The objectives of this SCORE 2 (SC2) grant are to identify cognitive and neural factors that drive subjective confidence in memory, and determine which of these are more tightly related to memory accuracy. Determining what kinds of confidence judgments are more accurate, and encouraging use of those kinds of judgments, may eventually lead to better memory awareness and compensation for any experienced decline in memory function and metamemory (i.e., knowledge of one's own memory) in specific neurologic and psychiatric disorders. The cognitive neuroscience of metamemory has been understudied given the consequences for public health. Neuroimaging studies have shown that the medial temporal lobes (MTL) and prefrontal cortices (PFC) contribute to memory and memory confidence. However, there is debate about how and when they contribute to confidence. Candidate mechanisms by which the MTL and PFC contribute to confidence include binding, subjective remembering, inferential reasoning, and monitoring. The experiments in this proposal aim to determine when MTL and PFC activity gives rise to subjective confidence, and to identify which sources of information form the basis for accurate confidence judgments (i.e., when confidence and accuracy are concordant). The proposed experiments provide a novel way to measure and track confidence judgments based on different sources of information, using eye tracking and fMRI. Eye movements can provide a sensitive measure of memory without requiring overt responses and are used in this proposal as an index of underlying cognitive mechanisms. With this increased specificity of the underlying cognitive mechanisms, combining eye tracking with fMRI will lead to a better specification of the neural mechanisms underlying memory confidence, and consequently a better understanding of the roles and functions of the MTL and PFC. Brooklyn College of the City University of New York provides an excellent environment for involving individuals from under-represented groups at all levels from faculty and graduate students to undergraduate and even high school students. Dr. Chua will be mentored by Dr. Lila Davachi, an Associate Professor at New York University, who has a productive and well-funded laboratory that has made significant contributions to determining the role of various medial temporal lobe structures in memory. With Dr. Davachi's mentorship, Dr. Chua will be well positioned to begin a strong, independent research career, enabling her to involve more students from under-represented minorities in quality research.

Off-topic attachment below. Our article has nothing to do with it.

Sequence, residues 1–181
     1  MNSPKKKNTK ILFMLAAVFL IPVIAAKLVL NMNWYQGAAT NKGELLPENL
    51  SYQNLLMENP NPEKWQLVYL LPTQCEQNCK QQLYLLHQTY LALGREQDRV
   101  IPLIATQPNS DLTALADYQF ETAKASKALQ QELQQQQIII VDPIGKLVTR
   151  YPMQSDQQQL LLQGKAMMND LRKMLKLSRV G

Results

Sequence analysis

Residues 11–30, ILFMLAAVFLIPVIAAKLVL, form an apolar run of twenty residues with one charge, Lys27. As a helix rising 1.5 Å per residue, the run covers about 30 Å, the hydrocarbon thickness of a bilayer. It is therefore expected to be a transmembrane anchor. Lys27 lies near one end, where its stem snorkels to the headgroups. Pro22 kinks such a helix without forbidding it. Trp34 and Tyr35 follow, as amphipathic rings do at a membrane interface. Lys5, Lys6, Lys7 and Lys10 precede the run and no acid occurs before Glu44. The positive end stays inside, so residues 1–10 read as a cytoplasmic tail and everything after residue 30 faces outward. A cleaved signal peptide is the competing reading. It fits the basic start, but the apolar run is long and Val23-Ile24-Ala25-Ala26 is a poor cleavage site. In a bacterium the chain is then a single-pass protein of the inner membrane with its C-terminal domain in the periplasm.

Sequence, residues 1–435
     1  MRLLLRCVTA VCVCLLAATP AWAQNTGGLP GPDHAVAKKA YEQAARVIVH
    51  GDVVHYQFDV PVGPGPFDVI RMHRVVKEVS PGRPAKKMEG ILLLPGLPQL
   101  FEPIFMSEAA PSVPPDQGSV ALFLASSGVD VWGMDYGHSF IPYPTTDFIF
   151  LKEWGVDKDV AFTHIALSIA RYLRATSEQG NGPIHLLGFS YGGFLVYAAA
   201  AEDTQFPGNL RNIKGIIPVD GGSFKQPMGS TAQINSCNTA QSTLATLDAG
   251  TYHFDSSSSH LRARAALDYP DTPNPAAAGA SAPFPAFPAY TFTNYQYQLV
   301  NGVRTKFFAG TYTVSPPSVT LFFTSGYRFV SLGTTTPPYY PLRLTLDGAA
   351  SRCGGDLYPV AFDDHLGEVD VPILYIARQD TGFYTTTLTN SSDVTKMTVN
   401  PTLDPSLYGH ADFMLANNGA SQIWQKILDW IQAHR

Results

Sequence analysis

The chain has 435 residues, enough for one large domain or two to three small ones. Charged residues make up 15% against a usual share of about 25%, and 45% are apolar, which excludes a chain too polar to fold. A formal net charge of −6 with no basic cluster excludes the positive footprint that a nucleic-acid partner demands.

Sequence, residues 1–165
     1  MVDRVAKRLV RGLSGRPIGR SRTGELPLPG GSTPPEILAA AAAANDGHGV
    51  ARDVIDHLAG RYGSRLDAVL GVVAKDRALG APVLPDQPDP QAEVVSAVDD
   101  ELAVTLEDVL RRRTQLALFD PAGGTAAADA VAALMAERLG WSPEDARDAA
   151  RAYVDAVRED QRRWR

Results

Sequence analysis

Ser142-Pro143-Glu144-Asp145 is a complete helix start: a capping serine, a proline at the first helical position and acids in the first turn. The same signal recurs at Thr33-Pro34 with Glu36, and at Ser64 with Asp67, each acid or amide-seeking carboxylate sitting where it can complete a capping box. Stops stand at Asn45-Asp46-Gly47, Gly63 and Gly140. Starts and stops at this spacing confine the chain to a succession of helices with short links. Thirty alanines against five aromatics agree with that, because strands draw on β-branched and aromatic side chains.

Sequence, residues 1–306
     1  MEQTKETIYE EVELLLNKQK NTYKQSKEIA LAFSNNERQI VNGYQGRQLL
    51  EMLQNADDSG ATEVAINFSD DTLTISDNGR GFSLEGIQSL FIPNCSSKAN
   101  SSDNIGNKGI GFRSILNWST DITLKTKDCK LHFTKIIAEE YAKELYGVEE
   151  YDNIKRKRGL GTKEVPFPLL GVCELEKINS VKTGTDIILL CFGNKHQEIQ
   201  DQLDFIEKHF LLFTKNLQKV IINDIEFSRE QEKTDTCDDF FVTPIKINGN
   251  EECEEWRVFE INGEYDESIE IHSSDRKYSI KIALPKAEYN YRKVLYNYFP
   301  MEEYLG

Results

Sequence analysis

This project investigates cognitive and brain bases of confidence and accuracy in memory, and why confidence-accuracy dissociations can occur. Understanding confidence-accuracy dissociations in memory is important from a public health perspective because it has implications for medication adherence and the ability to compensate for cognitive deficits. Determining markers for confidence and accuracy also may be useful for diagnosis and developing interventions for specific deficits related to memory and awareness.